By Leonard Duboff
The last couple of years have provided the intellectual property community with a host of significant updates and clarifications. Both the courts and federal legislature have been active with respect to this field of law. For those who are involved with intellectual property – and virtually everybody is – it is hoped that this excursion through some of the most important changes will be both informative and helpful.
The question as to whether the U.S. District Court has jurisdiction to approve a settlement in a class action involving unregistered copyrighted works was considered in Reed Elsevier v. Muchnick. 
This case arose from a class action settlement between authors and publishers that followed the U.S. Supreme Court decision in New York Times, Co. v. Tasini.  The Tasini case held that the New York Times did not have the right to publish freelance authors’ work in online databases without the authors’ explicit consent.
The Reed Elsevier dispute also involved freelance authors whose work had been published in online databases without their permission. The class action covered copyrighted works that had been registered with the Copyright Office, as well as works that had not been registered.
Although the District Court certified the settlement the authors and publishers agreed to, the U.S. Court of Appeals for the Second Circuit reversed that decision, holding that the former court did not have subject matter jurisdiction to approve the settlement since it covered both registered and unregistered works, despite the fact that all of the parties to the suit believed the court did in fact have subject matter jurisdiction.
The Supreme Court held that the registration requirement in 17 U.S.C. 411(a) is a claim-processing rule rather than a jurisdictional requirement. That statute provides: “Except for an action brought for a violation of the rights of the author under section 106A(a) [moral rights provisions], and subject to the provisions of subsection (b), no civil action for infringement of the copyright in any United States work shall be instituted until preregistration or registration of the copyright claim has been made in accordance with this title….”
This means that a federal court has subject matter jurisdiction over infringement claims involving unregistered works, though if the works are not registered, the claimant will eventually lose its copyright infringement suit for failure to comply with the requirement. Therefore, the lower court did, in fact, have the ability to certify the class action settlement, though the case, often referred to as “the Freelance case,” has not yet been resolved.
In another leading case, the U.S. Court of Appeals for the Ninth Circuit revisited the first sale doctrine of the copyright law.  The Ninth Circuit held that software company Autodesk had the right to prevent others from redistributing its software, and the U.S. Supreme Court refused to hear an appeal of that decision, leaving the Ninth Circuit’s ruling in place. Timothy Vernor had sued Autodesk, seeking a declaratory judgment that his resale on eBay of Autodesk software he had purchased did not infringe Autodesk’s copyright. He argued that the “first sale doctrine” allowed him to redistribute the software. Although a copyright owner normally has the sole right to distribute copies of its work, once a sale of an item is made, the buyer has the right to sell that particular item. This is known as the first sale doctrine. Autodesk claimed that the first sale doctrine did not apply to its software, because it had never sold the software to anyone; rather, it simply licensed the software to users (that is, the software remains the property of the seller and the buyer merely obtains permission to use the software without owning it).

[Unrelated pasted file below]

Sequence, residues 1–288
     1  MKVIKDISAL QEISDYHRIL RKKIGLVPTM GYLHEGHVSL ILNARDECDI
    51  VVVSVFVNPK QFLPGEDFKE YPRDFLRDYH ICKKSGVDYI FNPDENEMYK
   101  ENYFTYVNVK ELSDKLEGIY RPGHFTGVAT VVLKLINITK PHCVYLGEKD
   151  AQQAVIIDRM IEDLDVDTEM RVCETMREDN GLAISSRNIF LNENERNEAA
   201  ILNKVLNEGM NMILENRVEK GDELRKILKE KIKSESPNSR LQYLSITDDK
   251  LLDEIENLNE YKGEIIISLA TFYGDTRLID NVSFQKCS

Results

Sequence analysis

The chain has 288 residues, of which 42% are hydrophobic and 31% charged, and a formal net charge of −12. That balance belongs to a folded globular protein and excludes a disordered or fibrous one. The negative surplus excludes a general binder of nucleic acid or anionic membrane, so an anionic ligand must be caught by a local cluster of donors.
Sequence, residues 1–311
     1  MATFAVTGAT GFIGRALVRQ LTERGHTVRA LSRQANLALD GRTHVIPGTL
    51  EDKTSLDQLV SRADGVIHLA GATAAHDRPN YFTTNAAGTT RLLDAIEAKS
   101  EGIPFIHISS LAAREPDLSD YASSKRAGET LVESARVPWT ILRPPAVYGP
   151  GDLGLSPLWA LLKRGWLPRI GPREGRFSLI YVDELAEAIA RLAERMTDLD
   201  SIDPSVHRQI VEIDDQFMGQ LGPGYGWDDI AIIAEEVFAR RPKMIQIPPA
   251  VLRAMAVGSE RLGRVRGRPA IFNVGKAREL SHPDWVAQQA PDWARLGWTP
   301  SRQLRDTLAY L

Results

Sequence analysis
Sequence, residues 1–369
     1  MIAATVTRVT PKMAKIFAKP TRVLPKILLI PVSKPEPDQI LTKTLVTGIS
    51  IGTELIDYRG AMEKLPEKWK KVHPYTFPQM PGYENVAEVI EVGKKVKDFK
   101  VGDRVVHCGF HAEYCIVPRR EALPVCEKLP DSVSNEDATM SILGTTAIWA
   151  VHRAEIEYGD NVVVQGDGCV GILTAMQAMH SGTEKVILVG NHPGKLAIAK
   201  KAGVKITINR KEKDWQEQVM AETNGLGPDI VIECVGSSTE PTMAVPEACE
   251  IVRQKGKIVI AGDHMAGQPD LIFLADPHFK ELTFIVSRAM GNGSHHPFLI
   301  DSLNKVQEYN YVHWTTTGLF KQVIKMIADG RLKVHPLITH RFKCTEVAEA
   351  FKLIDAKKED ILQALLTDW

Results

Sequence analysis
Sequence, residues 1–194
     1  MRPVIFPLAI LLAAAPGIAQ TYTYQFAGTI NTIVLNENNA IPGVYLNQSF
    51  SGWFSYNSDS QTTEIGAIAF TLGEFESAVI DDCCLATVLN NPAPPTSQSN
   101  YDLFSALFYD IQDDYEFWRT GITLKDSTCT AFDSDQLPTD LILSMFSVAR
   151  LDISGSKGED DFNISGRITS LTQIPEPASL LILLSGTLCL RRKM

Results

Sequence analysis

While the trial court found in favor of Vernor, the Ninth Circuit held that a software user is a licensee, not an owner of a copy, when the copyright owner (a) specifies that the user is granted a license, (b) significantly restricts the user’s right to transfer the software, and (c) imposes “notable” use restrictions. Autodesk had these types of restrictions in the Software License Agreements that accompany its products.
In the Court’s opinion, Vernor was merely a licensee, not an owner, of the software. Thus, the first sale doctrine did not apply, and Autodesk did have the right to prevent Vernor and others from reselling its software on eBay or otherwise. Vernor sought review of the case by the U.S. Supreme Court, but it denied his petition for certiorari.
Another case that considered the first sale doctrine is Costco Wholesale Corp. v. Omega.  Omega sued Costco for its low-priced sales of Omega watches Costco purchased in the grey market. Omega had sold the watches to overseas distributors, who then sold the watches to unidentified third parties, who in turn sold the watches to a New York company that sold them to Costco.
In the lawsuit, Omega sued Costco for copyright infringement, and Costco relied on the “first sale doctrine” to argue that it had the right to sell the watches it acquired for a cheaper price. One of the exclusive rights a copyright owner has is the right of distribution, but the first sale doctrine allows a purchaser of a legally produced (i.e., noninfringing) copyrighted item to transfer that item without the copyright owner’s permission.
Omega claimed that since it did not authorize sales in the US, the first sale doctrine did not apply, and the Ninth Circuit Court of Appeals agreed, ruling that the first sale doctrine did not apply to Omega’s watches because they had been manufactured overseas in Switzerland – not the US. Because the watches were not authorized for sale in the US, Costco had violated Omega’s exclusive right to distribute its copyrighted products.
The U.S. Supreme Court was deadlocked 4-4 on this case (Associate Justice Elena Kagan did not participate in the case) and, as a result, the Ninth Circuit’s decision was automatically affirmed. Thus, it is uncertain how the Supreme Court would rule if a similar case were to come before it.